More generally, we have done almost nothing since arrival other than the essential food shop before Xmas closure and handing our skis into the local service depot for wax and edge sharpening. Why? All of us have gone down with terrible colds. We are a walking plague from the UK to wipe out this valley! So we have been holed up in our apartment. They never write about this stuff in the brochures.

At least we don't have ski lessons, ski hire or a ski pass ticking away while we're out of action. It's just frustrating when you look outside, the snow is decent and the skies blue, and we cannot ski because we're sneezing all of the time.

As for our Velar...... she is parked up and hasn't gone anywhere. I have set the wipers to winter park position. My winter Michelin tyres are, as expected, fine on the little patches of snow we have encountered but generally the roads are clear. More snow is forecast over the next few days and we should be better and able to venture out by then.

Speed - I maxed out at 125mph. That's me not Holly. She was certainly good for more but I didn't fancy it. I drive along these Autobahn usually twice each year and I am happy to drive fast, conditions and traffic permitting. However, this is the first car that has had the capability of going faster than me! At 125mph she was absolutely fine. With my XC90 D5 (five cylinder) and my XC60 (four cylinder diesel D4) as well as the Ford Galaxy TDi before them, they were all booming at 120mph and you knew they had maxed out or we're close to it. In the Velar there is no such drama. The noise is simply wind noise which is most apparent across the top of the leading edge of the roof (maybe the sunroof? It was closed, before some bright spark suggests I shut it!).

Fuel wise, I am really impressed. I haven't checked the stats so this is very crude...... From the Central Scottish Borders all the way to the Austrian Tyrol, really pushing it where permitted, two full tanks of diesel - in other words, filled up before we left and just one further fill up en-route somewhere in Germany. It is an essential prerequisite of any car I buy that it can make it at least to the German border without stopping for fuel as I speak basic German but cannot speak French or Dutch. My old Alfa couldn't do that distance and I had to revert to the international language of hand signals! By the way, German service stations are generally lovely - they serve freshly cooked proper food to order and the loos are spotless. I have always thought that they are better than even the best at Westmorland M6 in The Lake District / Killington Lake in the UK.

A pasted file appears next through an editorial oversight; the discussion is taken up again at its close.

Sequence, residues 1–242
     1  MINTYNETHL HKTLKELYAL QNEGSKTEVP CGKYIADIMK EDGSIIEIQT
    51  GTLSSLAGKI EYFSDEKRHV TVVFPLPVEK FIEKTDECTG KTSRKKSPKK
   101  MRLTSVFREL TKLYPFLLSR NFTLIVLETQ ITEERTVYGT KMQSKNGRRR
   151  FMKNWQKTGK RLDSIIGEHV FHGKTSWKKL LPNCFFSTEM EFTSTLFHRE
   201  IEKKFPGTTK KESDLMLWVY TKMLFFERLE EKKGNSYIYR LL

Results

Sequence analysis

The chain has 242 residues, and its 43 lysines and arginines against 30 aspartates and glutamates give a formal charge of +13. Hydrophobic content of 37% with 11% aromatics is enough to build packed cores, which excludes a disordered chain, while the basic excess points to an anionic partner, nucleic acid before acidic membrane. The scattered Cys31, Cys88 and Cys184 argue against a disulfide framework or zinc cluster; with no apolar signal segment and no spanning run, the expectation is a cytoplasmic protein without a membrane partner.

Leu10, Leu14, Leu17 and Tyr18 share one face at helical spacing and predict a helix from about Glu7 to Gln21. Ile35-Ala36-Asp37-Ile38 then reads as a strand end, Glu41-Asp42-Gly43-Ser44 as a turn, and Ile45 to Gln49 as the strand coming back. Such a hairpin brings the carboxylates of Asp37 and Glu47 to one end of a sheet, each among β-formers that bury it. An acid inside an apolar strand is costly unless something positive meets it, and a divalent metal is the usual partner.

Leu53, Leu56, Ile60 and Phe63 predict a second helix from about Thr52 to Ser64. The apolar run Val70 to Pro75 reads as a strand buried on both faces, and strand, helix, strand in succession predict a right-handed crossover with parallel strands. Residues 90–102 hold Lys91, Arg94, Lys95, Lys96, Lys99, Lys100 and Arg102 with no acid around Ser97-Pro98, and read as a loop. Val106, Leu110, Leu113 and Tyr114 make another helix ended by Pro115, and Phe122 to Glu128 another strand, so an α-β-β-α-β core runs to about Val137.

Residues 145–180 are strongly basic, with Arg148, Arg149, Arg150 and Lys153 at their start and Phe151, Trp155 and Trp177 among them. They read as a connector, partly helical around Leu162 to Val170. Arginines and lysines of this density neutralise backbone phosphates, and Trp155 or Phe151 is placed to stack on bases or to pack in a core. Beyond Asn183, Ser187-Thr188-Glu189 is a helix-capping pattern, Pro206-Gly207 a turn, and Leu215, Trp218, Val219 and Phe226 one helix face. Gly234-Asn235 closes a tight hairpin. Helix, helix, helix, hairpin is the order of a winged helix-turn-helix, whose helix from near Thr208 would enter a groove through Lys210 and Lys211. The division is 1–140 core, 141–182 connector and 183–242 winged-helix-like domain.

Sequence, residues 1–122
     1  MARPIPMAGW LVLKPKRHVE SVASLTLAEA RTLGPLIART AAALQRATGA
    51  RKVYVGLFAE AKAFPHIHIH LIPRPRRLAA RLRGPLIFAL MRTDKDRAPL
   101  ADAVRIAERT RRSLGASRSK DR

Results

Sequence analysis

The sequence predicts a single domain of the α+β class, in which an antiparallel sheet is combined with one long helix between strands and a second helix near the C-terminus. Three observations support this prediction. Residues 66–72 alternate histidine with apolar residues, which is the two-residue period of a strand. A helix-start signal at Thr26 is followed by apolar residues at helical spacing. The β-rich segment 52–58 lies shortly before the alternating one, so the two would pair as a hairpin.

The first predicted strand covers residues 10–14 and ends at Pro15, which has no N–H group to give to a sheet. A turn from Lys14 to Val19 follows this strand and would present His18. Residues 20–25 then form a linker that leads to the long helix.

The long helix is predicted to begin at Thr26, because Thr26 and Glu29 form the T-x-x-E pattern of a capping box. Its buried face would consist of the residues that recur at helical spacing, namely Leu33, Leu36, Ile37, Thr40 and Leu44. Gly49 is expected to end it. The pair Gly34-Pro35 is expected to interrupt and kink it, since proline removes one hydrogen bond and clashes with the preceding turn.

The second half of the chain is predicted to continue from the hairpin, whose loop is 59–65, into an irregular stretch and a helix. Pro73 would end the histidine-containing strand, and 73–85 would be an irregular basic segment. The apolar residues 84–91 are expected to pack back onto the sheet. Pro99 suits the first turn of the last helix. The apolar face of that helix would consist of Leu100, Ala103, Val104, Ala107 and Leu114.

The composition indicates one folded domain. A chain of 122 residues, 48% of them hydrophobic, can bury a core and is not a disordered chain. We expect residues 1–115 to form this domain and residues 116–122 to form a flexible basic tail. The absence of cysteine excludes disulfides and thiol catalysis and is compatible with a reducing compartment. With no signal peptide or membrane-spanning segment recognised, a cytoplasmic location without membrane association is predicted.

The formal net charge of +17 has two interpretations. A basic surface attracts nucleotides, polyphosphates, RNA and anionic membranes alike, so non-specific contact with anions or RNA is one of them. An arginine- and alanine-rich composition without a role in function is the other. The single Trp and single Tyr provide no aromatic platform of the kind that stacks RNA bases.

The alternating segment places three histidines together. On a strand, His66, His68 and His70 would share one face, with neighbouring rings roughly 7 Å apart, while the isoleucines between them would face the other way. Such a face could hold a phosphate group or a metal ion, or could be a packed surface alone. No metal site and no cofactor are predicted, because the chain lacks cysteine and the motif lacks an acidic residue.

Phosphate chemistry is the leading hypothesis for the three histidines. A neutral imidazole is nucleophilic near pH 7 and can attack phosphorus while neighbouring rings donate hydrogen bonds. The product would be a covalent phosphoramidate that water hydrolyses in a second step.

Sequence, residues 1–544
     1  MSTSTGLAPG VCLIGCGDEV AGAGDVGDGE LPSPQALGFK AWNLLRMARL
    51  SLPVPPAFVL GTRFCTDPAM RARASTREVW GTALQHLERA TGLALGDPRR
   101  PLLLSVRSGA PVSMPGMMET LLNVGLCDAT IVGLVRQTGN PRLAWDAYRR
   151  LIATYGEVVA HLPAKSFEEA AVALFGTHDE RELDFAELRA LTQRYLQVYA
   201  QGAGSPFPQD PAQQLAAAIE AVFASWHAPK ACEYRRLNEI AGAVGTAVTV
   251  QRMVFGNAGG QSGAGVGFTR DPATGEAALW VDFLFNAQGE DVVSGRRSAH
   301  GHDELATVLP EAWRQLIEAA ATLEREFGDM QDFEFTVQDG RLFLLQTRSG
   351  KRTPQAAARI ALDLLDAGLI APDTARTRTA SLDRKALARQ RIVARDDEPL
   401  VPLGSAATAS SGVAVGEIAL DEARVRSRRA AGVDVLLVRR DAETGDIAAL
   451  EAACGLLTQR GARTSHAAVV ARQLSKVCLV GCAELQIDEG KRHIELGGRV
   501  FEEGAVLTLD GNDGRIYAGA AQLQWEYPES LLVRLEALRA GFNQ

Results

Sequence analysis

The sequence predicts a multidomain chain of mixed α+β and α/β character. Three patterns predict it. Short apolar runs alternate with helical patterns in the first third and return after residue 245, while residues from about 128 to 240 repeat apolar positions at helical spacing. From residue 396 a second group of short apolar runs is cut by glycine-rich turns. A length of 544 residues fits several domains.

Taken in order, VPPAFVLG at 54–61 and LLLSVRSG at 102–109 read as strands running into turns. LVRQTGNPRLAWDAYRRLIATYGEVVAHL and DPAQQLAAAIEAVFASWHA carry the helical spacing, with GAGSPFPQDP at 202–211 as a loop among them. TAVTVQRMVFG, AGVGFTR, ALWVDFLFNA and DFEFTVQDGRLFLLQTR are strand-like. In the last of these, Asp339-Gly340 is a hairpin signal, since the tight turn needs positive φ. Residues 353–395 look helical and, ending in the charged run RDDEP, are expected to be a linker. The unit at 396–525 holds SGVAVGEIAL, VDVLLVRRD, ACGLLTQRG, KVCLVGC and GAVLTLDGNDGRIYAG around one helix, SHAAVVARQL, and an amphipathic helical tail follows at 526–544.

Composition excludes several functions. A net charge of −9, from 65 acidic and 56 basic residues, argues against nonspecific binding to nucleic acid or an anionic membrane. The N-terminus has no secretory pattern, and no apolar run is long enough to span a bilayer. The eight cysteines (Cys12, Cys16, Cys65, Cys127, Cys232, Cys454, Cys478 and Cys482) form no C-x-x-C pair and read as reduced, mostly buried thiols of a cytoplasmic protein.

I will take some photos over the next few weeks and provide updates! Only because I like doing so (sad, I know).

Have a nice break folks, whatever you're doing.

Arianne (a-choo).
 

·
Registered
Joined
·
74 Posts
I could not resist , I pushed my P300 at 135 mph on my way to brittany, as you said very stable , only wind noise. You should not be afraid of stopping in France, some indigenes speak english some times. ;)
 

·
Registered
Joined
·
489 Posts
Discussion Starter · #11 ·
peterd said:
I could not resist , I pushed my P300 at 135 mph on my way to brittany, as you said very stable , only wind noise. You should not be afraid of stopping in France, some indigenes speak english some times. ;)
We did Argentiere, by Chamonix last Summer. We had a wonderful time although the hiking in the mountains there is right on the edge of what we feel is within our capability. Right on the edge being the operative term!

French food! You guys eat high quality stuff. It tastes like it was home grown rather than picked unripe, chilled and flown from a faraway place to the UK shores before being polished up for display in a big supermarket. While I am on the subject of service stations, even the food at French service stations is amazing compared to the UK. But I am slightly fazed by females using the male loos in periods of high demand!!!

Back to the Velar..... probably best! You're right, the car is absolutely stable at high speed. The issue for me is the speed differential on the autobahn between us and the other traffic. Despite there being no limit on many sections, most Germans are sensible and typically drive at around 80mph (130kph). Fuel consumption rises exponentially due to wind resistance at speed and its stressful for prolonged periods. The Velar is fine, the driver is in control (well, this one typing this post is in control) but when the speed differential is in excess of 50mph with other cars and well in excess of that with coaches and trucks then potential for something unexpected to create chaos is too great for me. I have seen the dust clouds as the fast approaching car desperately tries to shave off speed and starts clipping the debris and gravel on the very edge of the outside lane / central reservation because some fellow has pulled out and misjudged the distance and speed of what was once the speck in their rear view mirror.